Response to James Hannam’s ‘In Defense of the Fine Tuning Design Argument’ (2001)
In his essay “In Defense of the Fine Tuning Design Argument” (2001) published here on the Secular Web, I do not believe Hannam has addressed the full range of issues and problems with the Fine Tuning Argument as discussed in our essays against the Design Argument. As but one example, he dismisses Victor Stenger’s “Monkey God” program as little more than “a bit of fun,” but this is a serious research product, defended at length in a technical article, “Natural Explanations for the Anthropic Coincidences,” Philo, 3:2 (Fall-Winter 2000) [click here for Acrobat/PDF version]. Hannam does not interact with this work at all. He thus does not consider that Stenger’s model varies all constants dynamically, not just one while keeping the others the same, and thus Monkey God generates a far more inclusive information space from which to judge relative probabilities. Hannam also criticises it for only addressing four rather than six constants, but in fact only four constants are relevant for generating long-lived stars, whose existence makes the conditions for life highly probable, regardless of what the other constants turn out to be, as Stenger argues in the above-mentioned paper. There are certain unjustified assumptions in Stenger’s argument (e.g. see point 3 below), but they are the very same assumptions Hannam and other creationists build upon.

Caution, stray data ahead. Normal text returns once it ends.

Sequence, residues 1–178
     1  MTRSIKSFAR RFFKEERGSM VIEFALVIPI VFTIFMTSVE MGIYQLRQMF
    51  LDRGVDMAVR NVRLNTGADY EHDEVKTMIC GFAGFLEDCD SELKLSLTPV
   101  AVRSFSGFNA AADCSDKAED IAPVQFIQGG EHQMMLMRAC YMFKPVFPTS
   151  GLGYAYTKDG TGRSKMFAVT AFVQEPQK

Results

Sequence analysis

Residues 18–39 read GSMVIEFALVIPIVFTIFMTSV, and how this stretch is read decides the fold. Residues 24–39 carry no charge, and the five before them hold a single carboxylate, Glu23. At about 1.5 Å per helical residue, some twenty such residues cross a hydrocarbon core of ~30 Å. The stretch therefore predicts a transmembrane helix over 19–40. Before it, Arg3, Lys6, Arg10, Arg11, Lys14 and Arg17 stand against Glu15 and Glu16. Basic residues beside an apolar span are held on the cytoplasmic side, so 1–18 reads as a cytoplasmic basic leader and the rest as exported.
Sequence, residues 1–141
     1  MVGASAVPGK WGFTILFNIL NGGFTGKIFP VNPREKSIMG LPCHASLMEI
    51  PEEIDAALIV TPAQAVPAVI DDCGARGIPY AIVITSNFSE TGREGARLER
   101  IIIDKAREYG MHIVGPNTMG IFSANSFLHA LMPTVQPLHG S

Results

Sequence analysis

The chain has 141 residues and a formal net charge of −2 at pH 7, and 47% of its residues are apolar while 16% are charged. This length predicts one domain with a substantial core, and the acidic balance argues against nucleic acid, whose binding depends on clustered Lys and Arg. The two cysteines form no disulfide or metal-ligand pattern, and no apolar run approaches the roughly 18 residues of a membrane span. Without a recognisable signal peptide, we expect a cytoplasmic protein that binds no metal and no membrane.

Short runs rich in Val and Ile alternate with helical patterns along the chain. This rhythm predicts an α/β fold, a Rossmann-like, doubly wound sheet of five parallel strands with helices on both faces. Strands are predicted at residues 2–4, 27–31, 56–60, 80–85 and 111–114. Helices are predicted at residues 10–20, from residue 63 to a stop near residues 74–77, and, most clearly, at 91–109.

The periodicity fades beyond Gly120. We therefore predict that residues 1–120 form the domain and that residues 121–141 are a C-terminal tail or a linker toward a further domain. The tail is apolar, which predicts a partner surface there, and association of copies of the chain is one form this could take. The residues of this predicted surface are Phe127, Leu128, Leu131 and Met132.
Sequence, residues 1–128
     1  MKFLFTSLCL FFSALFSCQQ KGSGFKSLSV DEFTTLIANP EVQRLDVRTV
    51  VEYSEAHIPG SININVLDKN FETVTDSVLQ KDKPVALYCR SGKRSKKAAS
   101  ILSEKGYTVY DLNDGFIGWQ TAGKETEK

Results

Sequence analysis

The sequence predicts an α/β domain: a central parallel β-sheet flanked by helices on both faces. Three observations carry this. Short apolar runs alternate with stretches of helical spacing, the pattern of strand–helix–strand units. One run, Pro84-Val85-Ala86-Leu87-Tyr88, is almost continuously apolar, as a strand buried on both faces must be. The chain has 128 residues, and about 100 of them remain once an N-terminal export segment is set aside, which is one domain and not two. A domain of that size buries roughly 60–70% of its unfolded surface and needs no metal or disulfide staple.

However, Hannam correctly dismisses a great many theistic fallacies that our other essays have also refuted in more detail, and thus his position is more sound than most, and worthy of careful attention. But rather than pick on more specific examples like the Stenger case above, this essay will focus on some of the general, sweeping problems that Hannam’s essay does not resolve.
(1) An Insufficient Case